Even more so for our younger supporters such as our son Michael. It’s something for him to refer to as he probably won’t remember as much as me of what we’ve done since the club began.
It gives me a sense of belonging for the club; part of moment in time captured in song.
Long may it continue. You did us proud as I hope we do in continuing to run the club.
Paul McCombs, AFC Liverpool
The Sophie Lancaster Foundation
Alun Parry has offered his support to the work of the Foundation (www.sophielancasterfoundation.com) since we approached him asking if we could attend the Working Class Music Festival in Liverpool in September 09.
Alun’s help at the festival enabled us to meet more people and musicians and therefore promote the campaign.
Alun came to Rawtenstall to play a benefit gig with Attila the Stockbroker and we look forward to working with him next year.
His song “We Are Not Afraid” inspired by Sophie and the intolerance people suffer in society is poignant and beautiful and, as he talks about Sophie’s murder for being a “goth” before he plays the song at gigs, he is spreading the word about the S.O.P.H.I.E campaign wherever he goes.
Kate Conboy-Greenwood, Campaigns Manager,The Sophie Lancaster Foundation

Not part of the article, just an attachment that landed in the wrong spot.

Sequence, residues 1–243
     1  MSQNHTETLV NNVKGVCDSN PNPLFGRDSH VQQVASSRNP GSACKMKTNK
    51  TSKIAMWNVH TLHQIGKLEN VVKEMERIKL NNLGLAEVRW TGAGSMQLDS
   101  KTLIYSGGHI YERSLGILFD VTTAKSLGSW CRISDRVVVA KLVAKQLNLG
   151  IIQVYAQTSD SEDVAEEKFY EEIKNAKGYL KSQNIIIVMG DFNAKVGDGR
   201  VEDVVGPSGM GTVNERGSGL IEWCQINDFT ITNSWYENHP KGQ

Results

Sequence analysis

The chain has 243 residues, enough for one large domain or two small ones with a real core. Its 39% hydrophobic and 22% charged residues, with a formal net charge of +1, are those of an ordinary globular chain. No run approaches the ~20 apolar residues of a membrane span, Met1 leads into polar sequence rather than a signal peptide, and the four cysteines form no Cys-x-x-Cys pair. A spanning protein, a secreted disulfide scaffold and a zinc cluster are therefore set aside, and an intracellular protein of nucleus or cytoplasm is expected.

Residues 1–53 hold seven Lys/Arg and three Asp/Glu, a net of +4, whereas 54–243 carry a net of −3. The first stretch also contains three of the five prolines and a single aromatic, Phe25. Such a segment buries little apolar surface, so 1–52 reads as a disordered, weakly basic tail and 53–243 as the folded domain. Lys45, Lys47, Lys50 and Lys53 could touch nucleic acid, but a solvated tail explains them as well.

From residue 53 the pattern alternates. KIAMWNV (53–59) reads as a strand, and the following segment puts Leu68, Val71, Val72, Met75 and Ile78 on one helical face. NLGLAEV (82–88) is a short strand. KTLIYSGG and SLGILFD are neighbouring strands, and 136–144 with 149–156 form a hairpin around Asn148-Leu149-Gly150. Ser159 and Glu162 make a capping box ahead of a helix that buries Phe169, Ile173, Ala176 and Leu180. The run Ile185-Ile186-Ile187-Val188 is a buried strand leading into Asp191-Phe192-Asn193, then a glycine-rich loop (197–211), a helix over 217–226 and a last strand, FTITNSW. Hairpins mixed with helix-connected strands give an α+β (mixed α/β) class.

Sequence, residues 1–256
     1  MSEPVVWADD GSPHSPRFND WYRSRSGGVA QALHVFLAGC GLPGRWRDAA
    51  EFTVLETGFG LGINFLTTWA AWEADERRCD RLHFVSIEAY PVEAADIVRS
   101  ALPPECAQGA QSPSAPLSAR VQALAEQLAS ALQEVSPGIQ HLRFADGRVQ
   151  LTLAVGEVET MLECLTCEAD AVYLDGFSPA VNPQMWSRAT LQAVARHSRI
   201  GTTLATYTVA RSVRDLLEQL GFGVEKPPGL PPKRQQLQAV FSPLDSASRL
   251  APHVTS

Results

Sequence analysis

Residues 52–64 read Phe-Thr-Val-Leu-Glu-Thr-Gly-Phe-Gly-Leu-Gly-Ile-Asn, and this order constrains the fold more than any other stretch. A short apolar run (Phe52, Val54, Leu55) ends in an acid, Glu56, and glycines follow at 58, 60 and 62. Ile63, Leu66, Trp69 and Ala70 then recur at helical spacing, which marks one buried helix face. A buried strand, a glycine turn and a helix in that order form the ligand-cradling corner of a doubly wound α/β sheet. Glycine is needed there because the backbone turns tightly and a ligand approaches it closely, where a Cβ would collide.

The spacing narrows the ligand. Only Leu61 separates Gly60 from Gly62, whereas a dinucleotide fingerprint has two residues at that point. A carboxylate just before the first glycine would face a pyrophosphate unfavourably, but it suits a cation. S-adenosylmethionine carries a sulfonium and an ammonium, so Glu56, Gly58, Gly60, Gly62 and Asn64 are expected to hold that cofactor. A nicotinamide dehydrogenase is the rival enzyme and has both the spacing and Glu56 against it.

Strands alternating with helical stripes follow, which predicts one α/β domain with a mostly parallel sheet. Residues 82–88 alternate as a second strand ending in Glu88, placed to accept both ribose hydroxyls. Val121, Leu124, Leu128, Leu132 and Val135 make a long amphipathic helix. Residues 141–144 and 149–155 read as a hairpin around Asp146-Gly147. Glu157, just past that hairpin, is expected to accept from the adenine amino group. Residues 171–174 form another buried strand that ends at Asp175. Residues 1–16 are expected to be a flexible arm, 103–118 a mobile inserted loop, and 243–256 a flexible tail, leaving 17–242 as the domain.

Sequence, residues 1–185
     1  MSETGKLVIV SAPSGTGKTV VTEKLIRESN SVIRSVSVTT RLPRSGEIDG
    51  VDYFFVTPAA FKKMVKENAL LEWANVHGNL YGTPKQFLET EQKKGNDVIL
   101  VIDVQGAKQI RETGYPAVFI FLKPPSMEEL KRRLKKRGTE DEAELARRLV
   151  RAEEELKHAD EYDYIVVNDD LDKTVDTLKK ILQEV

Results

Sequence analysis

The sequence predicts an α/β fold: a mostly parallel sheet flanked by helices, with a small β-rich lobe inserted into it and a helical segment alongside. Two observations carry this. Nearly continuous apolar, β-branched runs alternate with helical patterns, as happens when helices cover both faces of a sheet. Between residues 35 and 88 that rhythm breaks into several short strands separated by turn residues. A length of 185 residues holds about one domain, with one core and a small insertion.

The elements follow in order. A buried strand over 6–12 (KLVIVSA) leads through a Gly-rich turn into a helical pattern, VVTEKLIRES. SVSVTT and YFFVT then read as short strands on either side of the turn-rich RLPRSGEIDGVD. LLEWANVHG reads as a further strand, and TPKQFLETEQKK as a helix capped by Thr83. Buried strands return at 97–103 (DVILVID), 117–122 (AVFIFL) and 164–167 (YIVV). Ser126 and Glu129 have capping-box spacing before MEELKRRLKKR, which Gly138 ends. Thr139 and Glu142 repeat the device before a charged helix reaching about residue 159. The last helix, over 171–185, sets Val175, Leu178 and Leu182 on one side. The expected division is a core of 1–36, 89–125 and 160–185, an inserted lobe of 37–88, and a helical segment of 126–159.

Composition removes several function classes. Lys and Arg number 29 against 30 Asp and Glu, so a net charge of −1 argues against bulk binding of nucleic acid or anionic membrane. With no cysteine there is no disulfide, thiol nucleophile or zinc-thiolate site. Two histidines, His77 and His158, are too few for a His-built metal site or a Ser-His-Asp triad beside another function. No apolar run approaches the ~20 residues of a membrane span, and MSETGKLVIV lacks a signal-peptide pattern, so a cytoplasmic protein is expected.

The Liverpool Councillor
Alun Parry has been described elsewhere as the “soul” of Liverpool. In my view he speaks (or should I say sings?) the words that the good decent people of Liverpool would want to hear and would want to be said.
When a Merseyside young woman was murdered for being a “Goth” and for looking different to her peers, Alun was at the forefront of the outrage we all felt and played a benefit for her surviving family and friends.
When a young man was murdered in Huyton, in his sleep, just for being gay, Alun dedicated a song for Michael Causer and takes great pains in explaining the meaning behind the lyrics, to his audience, so that they understand why homophobia is an outrage.
When awareness of the plight of failed or troubled asylum seekers reached Alun, he wrote and sang an important song about how Liverpool really feels, despite the presence in our city of the Immigration Directorate – Rosa should stay.
He is an ardent Trade Unionist and is not afraid to challenge the establishment or the bosses in song or in the commentary he gives to his sets. He is the voice of the questing, questioning, ordinary working people of Liverpool.
I wont call him a working class hero, because another man from Liverpool has already taken that badge, but he clearly has the respect of those who concern themselves with the political issues of the day, because he has a vital and relevant voice to share, he sings it how it is.
Cllr Louise Baldock